Applications and Software

KAZ: Why a little competition is no bad thing

Keene Braganza, managing director, KAZ Type Limited, describes the benefits of launching an international competition
Boy receiving touch typing trophy
Mew Hansiriphan of Shrewsbury School with his winning trophy and certificate

The jury is out when it comes to competition. Some believe it can cause aggression and set individuals against one another, running against that spirit of cooperation and collaboration that schools work so hard to foster. Others believe that competition can make children anxious so they don’t focus on the task in hand and almost rule themselves out of any contest before it begins.

However, at KAZ we like the idea of competition because we are all about improving touch typing speeds and confidence, helping people build their skills and speed to levels they did not believe were possible. So, we looked at ways to make our competition accessible to all comers.

In the beginning

The idea of a competition started when we interviewed Robert Pattison, principal of Dublin Oak Academy, an international boarding school educating boys from the age of 12 to 16. He was keen to find some touch typing software that would not involve allocating too much time for lessons and practice.

The boys learnt the basics in hours but Mr Pattison wanted to make sure they remained motivated so he set up an inter-form competition where the typing champions of each class were pitted against one another. This generated excitement, so much so that he found boys were neglecting their studies to improve their typing speeds! Obviously, the competition had fired them up.

Soon we were hearing a similar story from other schools. Alan Tsui is now Academic Enrichment Programmed Leader at Willow Brook Primary School Academy in East London. He came across KAZ Type in 2014 when he was working at a Central London Independent Preparatory School: ‘The children I was working with at the time were very enthused by it, especially being able to challenge each other with their typing speeds. Many were also partly motivated by the fact that I had set them a personal challenge to exceed my typing speed.’

The launch

Last Christmas we decided to run a competition for schools across the globe that were using KAZ Type. We have students from countries as far apart as Malaysia and South Africa and we wanted them all to have a fair chance. We launched it in January with the slogan ‘Go online and test your speeds against the best of the best.’

The competition ran from January 10th – June 30th, 2020. The student with the highest number of words per minute would be awarded a KAZ Touch Typing Winner’s Certificate and a City & Guilds licence. The winning school would receive The KAZ Touch Typing Trophy 2020, a year’s free subscription to KAZ, as well as press and social media publicity.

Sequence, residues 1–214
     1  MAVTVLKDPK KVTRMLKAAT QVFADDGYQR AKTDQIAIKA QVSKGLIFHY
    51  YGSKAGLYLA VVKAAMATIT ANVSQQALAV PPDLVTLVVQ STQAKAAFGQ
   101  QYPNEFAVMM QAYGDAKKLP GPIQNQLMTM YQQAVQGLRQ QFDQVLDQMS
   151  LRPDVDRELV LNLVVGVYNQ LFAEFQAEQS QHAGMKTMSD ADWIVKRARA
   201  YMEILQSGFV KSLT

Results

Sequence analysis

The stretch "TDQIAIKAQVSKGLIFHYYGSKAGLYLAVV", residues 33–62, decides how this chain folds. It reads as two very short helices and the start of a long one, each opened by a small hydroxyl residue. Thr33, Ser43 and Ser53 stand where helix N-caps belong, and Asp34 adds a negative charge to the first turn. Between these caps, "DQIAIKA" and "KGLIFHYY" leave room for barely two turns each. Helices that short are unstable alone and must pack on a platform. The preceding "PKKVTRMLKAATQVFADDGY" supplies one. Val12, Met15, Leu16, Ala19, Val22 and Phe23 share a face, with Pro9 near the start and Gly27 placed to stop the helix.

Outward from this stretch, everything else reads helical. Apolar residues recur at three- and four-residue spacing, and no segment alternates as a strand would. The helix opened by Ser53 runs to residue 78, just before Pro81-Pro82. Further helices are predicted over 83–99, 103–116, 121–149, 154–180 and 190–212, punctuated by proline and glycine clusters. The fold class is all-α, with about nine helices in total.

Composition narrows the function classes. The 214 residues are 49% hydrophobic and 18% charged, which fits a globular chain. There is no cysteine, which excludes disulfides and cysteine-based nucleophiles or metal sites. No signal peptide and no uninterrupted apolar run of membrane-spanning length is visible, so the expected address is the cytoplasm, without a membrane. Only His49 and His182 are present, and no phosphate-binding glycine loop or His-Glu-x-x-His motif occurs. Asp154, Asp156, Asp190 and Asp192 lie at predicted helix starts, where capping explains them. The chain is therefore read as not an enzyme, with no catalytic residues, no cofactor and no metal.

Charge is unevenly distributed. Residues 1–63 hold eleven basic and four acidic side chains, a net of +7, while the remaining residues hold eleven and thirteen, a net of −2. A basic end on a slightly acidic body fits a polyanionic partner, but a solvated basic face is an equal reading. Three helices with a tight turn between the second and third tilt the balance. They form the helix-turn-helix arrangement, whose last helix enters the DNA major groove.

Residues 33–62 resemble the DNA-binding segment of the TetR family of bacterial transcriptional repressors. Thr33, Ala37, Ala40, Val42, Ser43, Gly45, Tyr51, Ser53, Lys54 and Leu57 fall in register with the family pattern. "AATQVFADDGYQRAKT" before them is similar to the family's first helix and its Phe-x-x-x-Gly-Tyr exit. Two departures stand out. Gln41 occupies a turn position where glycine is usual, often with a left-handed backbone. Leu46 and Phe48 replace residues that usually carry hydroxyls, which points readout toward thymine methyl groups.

The advantages of our competition

  • Schools could join in at any time
  • Children could test their speeds at a time and place to suit them – this was very handy as it turned out!
  • Students could take the timed test as often as they wished and their best score would be saved
  • A leader board would be published on the KAZ site each month so students could see if they were on a par with the highfliers
  • The result was to be announced in July so they had five months to enter

Schools with a KAZ licence could check up on student progress at any time. This meant that individual schools could run their own in-house tournaments and maybe even pitch staff against students.

Levelling the playing field

One of the concerns with competitions is that so often it is the same few people who enter and win. But a good competition should be open to all and should offer opportunities for students who are not always in the top tier.

One of the big advantages of KAZ is that there is a version for people with dyslexia and other neurodiverse conditions. Its special feature ensure dyslexia learners can succeed with touch typing:

  • The unique ‘preference screen’ minimises visual disturbances
  • Its proven Accelerated Learning teaching method using ‘brain balance’
  • It develops ‘muscle memory’ – so spellings become engrained
  • It is specially formulated so it does not overload the working memory
  • It builds confidence and self-esteem

It took our company two years of development, plus advice and support from the Dyslexia Research Trust to create the SEN / Dyslexia version which has proved effective for learners with dyslexia, dyspraxia, dysgraphia, ASD, ADHD and Tourette’s.

And the winner is …

Mew Hansiriphan of Shrewsbury School was crowned champion, with a score of 65 WPM and 89% accuracy.

Touch typing is one of the activities on offer at all pupils at Shrewsbury as part of the school’s co-curricular societies program. It is very popular with pupils and is championed enthusiastically by teacher Karen Mitchell, head of learning support.

She said: ‘Our pupils very much enjoyed the challenge of taking part in the KAZ Worldwide Touch Typing Tournament. We were thrilled to be told that the competition had been won  by one of our fifth formers (Year 10s). Mew worked extremely hard at improving his touch typing speed and accuracy and he is to be warmly congratulated for his achievement.’

We would like to add our congratulations too!

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